North Carolina

North Carolina

Wildfire Drill at North Carolina Refuge Sharpens Skills

2007

Volunteer firefighters are put to the test on a simulated car crash that starts yet another wildfire (indicated by smoke bombs) during a wildland fire drill on Pocosin Lakes NWR. (USFWS)

Volunteer firefighters are put to the test on a simulated car crash that starts yet another wildfire (indicated by smoke bombs) during a wildland fire drill on Pocosin Lakes NWR. (USFWS)

“Fire!”

Well, not really but 42 people from eight agencies did turn out with lights whirling on August 11 for a wildland-urban interface fire drill on Lake Phelps at Pocosin Lakes National Wildlife Refuge in North Carolina.

The U.S. Fish and Wildlife Service organized the drill with the help of the North Carolina Division of Forest Resources (NCDFR) and Washington County Emergency Management. Drill participants included employees from Pocosin Lakes and Alligator River national wildlife refuges; the NCDFR, volunteer firefighters from Lake Phelps, Pungo River, Creswell, Roper, and Tyrrell and Washington County’s fire marshal and EMS as well as emergency management employees.

While refuge employees and the NCDFR controlled the wildfire, VFD resources were assigned structure protection duties and others role-played as spotter plane, tractor-plow operators, incident commander, and operations chief. Participants used radios to keep the fire scenario as real as possible, communicating changes in fire behavior and updating each other on suppression efforts.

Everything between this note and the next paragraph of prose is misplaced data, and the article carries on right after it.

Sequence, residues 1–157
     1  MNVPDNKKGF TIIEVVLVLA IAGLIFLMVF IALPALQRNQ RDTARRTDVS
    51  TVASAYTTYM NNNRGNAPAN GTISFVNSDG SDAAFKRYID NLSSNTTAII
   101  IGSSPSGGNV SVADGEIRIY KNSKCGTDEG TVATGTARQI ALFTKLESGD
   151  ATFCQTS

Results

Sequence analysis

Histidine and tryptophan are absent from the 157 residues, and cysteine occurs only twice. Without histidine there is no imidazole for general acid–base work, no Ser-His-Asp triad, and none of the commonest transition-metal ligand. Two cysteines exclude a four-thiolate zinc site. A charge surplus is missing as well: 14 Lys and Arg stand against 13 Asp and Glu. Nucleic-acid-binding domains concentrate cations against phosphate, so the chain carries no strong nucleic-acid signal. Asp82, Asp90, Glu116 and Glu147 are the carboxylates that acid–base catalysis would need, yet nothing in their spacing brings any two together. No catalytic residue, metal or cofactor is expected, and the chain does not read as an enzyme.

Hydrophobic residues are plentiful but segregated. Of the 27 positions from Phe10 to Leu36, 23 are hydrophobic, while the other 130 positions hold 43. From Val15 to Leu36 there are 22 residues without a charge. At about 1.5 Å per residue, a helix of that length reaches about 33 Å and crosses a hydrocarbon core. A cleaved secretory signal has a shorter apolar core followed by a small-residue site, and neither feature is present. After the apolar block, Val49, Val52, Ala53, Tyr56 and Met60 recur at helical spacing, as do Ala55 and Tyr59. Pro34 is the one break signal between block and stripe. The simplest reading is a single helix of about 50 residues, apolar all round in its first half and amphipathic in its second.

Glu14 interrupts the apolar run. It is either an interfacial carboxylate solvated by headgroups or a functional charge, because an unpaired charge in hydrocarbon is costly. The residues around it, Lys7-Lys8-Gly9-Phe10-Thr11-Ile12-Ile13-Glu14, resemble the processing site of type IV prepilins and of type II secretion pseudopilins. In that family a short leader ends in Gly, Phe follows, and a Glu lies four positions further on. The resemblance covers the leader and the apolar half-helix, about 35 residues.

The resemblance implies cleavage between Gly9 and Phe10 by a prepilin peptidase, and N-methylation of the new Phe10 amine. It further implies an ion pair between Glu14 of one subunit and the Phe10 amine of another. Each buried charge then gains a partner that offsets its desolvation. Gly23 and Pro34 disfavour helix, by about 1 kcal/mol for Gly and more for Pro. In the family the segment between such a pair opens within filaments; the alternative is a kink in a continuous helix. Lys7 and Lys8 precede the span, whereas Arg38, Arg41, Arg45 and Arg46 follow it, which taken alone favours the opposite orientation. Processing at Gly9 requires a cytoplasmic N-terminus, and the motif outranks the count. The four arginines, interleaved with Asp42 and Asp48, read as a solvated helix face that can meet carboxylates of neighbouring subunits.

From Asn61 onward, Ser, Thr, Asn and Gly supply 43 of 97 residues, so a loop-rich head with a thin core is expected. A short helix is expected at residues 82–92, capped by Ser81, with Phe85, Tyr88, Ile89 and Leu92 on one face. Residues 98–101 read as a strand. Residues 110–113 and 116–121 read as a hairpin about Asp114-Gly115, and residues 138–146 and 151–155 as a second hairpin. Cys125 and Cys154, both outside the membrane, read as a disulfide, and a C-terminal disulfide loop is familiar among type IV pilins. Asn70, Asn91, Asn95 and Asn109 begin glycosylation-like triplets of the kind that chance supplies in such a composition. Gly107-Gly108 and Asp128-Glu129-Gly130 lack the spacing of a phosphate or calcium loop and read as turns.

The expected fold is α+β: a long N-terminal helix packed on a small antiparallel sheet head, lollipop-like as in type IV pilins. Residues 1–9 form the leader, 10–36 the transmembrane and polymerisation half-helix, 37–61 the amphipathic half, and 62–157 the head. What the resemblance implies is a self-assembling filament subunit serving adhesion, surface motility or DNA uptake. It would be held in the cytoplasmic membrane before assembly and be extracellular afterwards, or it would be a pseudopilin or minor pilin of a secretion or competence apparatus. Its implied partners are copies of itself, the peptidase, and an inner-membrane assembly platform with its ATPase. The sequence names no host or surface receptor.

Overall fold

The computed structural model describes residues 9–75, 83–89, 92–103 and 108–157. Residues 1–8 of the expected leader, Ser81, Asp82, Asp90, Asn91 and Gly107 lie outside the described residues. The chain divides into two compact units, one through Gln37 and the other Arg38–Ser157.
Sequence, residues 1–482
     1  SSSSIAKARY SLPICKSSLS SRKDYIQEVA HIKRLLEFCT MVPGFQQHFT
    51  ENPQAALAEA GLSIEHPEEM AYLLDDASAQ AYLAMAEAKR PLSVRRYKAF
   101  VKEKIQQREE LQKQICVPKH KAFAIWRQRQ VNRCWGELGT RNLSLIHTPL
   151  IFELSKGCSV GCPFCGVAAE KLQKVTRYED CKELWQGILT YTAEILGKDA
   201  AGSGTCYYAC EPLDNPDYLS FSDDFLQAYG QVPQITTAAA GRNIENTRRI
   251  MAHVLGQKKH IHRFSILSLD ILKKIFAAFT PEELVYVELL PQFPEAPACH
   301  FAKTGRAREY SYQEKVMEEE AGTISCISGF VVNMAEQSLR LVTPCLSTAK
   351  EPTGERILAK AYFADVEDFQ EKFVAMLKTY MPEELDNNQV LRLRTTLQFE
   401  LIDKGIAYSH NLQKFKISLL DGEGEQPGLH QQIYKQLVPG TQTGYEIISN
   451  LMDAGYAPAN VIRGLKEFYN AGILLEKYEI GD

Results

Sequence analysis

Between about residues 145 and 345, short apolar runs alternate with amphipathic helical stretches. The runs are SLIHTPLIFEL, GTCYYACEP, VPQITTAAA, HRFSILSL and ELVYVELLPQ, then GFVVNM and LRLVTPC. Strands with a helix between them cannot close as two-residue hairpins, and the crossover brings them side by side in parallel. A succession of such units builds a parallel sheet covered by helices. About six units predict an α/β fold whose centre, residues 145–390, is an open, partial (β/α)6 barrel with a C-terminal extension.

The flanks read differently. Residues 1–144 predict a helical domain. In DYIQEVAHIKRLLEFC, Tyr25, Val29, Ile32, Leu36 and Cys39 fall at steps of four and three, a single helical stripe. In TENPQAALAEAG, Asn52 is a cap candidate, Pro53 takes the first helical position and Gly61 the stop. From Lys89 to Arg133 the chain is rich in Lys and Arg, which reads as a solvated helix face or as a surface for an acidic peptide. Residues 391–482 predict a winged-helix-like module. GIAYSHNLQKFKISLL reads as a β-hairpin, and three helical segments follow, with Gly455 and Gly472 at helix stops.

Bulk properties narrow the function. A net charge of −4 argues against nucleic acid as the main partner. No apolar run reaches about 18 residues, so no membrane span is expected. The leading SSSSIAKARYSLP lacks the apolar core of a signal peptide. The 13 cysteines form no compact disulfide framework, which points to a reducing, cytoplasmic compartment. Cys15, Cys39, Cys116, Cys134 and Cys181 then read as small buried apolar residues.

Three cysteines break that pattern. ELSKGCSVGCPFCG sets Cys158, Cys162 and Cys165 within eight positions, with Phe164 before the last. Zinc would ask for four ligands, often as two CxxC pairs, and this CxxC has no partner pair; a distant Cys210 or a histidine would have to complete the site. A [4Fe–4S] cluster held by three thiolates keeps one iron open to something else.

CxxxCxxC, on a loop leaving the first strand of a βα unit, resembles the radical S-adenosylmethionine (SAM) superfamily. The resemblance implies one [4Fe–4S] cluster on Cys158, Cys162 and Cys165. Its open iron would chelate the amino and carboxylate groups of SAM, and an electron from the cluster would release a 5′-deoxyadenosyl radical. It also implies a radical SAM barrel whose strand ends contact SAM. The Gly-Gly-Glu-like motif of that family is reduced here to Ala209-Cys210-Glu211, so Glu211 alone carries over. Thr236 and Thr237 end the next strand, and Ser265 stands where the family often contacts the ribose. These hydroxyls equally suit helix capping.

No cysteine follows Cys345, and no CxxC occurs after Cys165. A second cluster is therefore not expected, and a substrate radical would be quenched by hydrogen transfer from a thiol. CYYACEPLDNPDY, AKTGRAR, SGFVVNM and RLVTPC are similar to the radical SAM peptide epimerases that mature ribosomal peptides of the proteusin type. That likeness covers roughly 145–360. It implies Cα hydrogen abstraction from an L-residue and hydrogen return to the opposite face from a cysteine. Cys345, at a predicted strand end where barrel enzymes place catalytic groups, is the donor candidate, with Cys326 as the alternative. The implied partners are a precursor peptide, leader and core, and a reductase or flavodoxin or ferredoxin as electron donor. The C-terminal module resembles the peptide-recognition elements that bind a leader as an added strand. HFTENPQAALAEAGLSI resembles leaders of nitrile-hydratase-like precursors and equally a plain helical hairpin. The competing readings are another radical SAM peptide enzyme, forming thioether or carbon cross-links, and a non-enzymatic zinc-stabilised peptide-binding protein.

The “wildfire” eventually moved across the road and advanced on nearby houses.  Volunteer firefighters used their training to extinguish several spot fires hear houses that were indicated by smoke bombs. Assigned observers also threw kinks into the fire drill, including a flat tire on fire engine, a smoke-caused car wreck (with injuries and fire), and a “heart attack” suffered by a volunteer firefighter due to overexertion.

The drill lasted about three hours, and was funded by the Department of the Interior’s Ready Reserves program. Participants used the standard Incident Command System to plan the suppression.

An After Action Review, which is required on real fires, revealed what participants learned about communication, response time and procedures.

The Fish and Wildlife Service hopes to hold more drills at Pocosin Lakes and other refuges in the area to improve efficiency and integration between agencies when fighting wildland fires.

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